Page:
|10-21-2011, 11:53 PM||#1|
Join Date: Oct 2010
Some general thoughts and ideas about generals, part 1
I just got back from a week of generals in LA, and being commenced on my first step on the studio sale of my spec. So I should be rewriting, but thought I’d spend a little time sharing some thoughts and reflections on my week. I also did a full week of generals about six months ago, so I have two weeks and about thirty generals to reflect on.
Take the following for what it’s worth: one emerging writer’s experience (I had a nice spec sale earlier this year.) If a seasoned pro sees a mistake or thinks I’m wrong, please call it out; I’d love to know where I’m off base. Most of the following is based on experience, but a fair amount is my own opinion of what seems to be working for me, so if you know better, please let me (and the rest of us) know.
There’s been a lot of good ink spilled to prep folks for what generals are like. It is true that the front desk assistant always offers you water. Despite being opposed to plastic bottles from an environmental point of view, I always accept, because it’s good to have something to sip at. I also think it would be weird to bring my aluminum bottle of water in. When my meetings were first thing in the morning (9 or 9:30), I sometimes asked for coffee, if it was offered, but made it clear that only if it’s easy, and just asked for milk/cream/whatever they had. Nothing fancy or special.
I don’t live in LA, and thus flew in for the meetings. My agent just got a new assistant on his desk, and he was sending me updates (meetings pushed, rescheduled) piecemeal. I know most people have smartphones, but I don’t, I’m operating on an iPad via free wi-fi at virtually every Starbucks between Santa Monica, Burbank, West Hollywood, Culver City, etc.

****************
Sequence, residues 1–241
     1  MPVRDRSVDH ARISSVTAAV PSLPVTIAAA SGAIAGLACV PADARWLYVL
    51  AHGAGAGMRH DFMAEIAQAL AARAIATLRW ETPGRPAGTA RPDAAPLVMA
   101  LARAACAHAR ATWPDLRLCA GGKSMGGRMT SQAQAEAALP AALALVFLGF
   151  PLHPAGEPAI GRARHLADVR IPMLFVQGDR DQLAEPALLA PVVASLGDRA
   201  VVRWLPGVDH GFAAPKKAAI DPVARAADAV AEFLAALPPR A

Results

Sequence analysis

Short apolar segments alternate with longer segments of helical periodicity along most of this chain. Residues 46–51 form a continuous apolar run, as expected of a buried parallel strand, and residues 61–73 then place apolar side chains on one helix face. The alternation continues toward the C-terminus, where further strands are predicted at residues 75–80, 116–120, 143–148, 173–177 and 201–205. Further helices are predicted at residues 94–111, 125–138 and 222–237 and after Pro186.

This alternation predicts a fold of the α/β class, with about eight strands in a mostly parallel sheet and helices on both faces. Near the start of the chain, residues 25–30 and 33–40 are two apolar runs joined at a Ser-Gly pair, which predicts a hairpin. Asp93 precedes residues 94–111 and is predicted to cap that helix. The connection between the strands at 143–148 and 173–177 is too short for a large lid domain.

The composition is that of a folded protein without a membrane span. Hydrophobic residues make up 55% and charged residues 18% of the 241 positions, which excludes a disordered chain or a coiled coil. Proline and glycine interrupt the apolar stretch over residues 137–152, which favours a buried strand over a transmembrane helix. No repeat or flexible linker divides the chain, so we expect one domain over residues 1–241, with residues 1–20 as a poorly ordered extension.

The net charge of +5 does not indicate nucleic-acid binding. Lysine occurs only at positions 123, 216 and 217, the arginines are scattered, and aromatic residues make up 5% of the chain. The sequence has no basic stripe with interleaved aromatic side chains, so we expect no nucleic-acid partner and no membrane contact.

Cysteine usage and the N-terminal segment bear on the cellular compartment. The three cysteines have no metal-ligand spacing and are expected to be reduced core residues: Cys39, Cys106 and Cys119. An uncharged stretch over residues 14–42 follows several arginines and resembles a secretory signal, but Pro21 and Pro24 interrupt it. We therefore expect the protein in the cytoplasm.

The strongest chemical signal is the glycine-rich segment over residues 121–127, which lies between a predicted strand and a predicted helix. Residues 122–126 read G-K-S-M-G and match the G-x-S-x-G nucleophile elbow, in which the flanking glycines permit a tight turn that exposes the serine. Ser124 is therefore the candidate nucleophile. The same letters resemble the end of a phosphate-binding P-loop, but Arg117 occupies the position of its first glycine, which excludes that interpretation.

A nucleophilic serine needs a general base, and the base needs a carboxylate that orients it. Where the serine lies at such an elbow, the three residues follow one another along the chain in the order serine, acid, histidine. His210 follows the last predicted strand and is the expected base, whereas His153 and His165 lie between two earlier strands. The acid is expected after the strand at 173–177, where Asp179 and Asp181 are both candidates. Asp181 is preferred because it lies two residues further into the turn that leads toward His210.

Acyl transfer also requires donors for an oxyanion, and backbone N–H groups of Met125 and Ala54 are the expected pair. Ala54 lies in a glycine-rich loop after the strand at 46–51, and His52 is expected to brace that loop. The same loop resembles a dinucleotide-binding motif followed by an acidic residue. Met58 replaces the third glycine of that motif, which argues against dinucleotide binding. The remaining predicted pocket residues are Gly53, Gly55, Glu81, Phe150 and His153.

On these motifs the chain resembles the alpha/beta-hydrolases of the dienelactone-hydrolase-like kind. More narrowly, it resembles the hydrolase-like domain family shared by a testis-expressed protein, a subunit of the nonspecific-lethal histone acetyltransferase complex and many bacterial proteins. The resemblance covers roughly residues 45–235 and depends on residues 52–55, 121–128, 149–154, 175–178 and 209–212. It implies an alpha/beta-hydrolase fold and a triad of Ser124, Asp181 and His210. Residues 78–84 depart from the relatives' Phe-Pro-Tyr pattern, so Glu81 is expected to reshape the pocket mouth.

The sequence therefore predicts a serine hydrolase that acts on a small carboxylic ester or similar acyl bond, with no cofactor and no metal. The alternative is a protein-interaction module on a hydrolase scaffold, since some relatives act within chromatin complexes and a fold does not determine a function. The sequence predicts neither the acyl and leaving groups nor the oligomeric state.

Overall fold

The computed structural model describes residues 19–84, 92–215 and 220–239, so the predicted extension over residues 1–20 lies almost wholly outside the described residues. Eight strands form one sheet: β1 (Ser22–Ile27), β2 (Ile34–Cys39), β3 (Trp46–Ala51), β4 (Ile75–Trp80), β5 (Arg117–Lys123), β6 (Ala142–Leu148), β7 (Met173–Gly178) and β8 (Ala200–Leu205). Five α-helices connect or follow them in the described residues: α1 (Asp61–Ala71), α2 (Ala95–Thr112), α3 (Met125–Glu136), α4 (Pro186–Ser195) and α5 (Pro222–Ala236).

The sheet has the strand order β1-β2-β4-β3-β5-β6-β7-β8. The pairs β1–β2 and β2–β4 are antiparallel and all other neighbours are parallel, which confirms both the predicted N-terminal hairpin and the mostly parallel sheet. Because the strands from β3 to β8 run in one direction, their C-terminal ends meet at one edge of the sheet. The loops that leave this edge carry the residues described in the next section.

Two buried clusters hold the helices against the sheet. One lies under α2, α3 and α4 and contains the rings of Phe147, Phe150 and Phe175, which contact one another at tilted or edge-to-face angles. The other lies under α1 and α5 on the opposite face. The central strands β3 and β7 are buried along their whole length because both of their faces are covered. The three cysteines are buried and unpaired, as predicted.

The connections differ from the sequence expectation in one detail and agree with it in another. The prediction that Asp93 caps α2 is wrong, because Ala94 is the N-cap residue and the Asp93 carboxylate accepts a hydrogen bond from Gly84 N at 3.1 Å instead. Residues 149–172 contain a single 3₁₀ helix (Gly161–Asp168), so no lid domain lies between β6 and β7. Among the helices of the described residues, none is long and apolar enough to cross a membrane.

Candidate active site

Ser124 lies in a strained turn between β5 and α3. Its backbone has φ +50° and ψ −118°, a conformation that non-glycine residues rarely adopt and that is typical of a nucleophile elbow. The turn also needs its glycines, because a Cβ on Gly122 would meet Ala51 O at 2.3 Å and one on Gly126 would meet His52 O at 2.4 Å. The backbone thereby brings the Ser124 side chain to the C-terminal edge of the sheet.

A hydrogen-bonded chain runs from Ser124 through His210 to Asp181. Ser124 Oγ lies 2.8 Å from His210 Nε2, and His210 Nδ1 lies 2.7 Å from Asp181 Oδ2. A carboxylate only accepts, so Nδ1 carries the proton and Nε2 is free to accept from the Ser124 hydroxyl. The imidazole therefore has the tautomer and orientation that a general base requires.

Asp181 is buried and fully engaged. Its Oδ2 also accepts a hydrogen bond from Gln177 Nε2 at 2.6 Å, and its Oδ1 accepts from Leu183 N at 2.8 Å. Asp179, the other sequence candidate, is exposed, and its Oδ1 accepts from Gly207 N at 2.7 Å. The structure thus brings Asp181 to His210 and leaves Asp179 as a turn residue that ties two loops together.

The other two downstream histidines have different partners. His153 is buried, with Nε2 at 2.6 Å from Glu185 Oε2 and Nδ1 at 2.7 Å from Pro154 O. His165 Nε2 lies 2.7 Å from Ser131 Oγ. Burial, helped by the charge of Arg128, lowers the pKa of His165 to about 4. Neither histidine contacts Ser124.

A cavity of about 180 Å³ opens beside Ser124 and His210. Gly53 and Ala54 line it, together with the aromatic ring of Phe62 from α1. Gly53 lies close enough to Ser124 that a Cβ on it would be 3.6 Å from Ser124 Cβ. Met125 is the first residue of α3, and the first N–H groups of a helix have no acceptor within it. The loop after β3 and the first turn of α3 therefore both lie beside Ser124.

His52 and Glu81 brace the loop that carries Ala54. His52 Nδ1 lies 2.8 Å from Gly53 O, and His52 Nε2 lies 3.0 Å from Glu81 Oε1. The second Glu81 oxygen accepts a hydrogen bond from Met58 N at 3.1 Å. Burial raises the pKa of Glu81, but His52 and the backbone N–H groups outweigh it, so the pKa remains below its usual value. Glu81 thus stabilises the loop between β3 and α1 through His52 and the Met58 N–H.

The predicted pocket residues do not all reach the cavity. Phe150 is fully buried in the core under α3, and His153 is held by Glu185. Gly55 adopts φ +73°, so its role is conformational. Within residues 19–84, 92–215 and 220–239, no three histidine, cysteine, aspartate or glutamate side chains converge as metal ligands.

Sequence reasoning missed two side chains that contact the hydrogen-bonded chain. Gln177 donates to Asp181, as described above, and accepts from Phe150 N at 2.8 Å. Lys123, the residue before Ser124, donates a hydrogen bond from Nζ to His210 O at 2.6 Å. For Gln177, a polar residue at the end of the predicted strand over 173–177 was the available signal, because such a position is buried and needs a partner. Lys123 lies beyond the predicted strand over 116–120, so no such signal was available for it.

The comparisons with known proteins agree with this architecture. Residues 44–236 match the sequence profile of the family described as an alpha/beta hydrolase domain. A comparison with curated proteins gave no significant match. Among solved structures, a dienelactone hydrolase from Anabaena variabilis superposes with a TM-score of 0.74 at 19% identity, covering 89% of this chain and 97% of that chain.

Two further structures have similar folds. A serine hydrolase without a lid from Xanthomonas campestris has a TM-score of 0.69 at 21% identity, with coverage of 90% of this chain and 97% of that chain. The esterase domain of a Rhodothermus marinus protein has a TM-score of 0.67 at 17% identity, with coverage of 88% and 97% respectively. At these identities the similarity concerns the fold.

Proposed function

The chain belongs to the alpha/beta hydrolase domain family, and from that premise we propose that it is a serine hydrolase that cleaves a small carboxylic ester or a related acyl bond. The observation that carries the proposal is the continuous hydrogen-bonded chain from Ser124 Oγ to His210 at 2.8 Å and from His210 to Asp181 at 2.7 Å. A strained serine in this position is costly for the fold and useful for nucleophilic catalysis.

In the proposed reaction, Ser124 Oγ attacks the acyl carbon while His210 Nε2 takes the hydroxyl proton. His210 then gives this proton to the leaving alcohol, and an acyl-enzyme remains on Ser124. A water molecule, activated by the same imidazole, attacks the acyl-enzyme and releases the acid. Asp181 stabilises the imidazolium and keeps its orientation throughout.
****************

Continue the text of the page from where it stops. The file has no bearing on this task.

So I made sure that when he had an update, to fold it into the whole week’s schedule, and send me that schedule anew. This way I wasn’t taking the changes and handwriting them on my printed list of meetings, which I had for reference, but which changed a half dozen times while I was out there. At least three meetings at companies that I knew a lot about (major actor, major producer) fell off my schedule. That’s life; catch ‘em next time.
Thus, if you don’t have a smartphone, bring something wi-fi enabled. Further, you must bring a GPS. Seems simple, but honestly I would still be driving around LA if I didn’t have a GPS. I rented a car from Enterprise, which for me turned out cheaper than Avis or National, even with a AAA discount. The Enterprise at LAX is great, they gave me a free upgrade (from economy to midsize), and they’re open 24 hours. $150 for Sunday night to Friday night. I flew in on Sunday, had meetings wall to wall straight through 5:30 Friday, and flew home on a Friday redeye.
Regarding schedules, I usually had a 9:30, an 11:30, a 3 PM, and a 5:30. Sometimes I had a 1:00 lunch as well. Meetings usually went just about an hour, sometimes less and sometimes more, and I always made sure to have an idea for how long it would take me to get from current general to next general.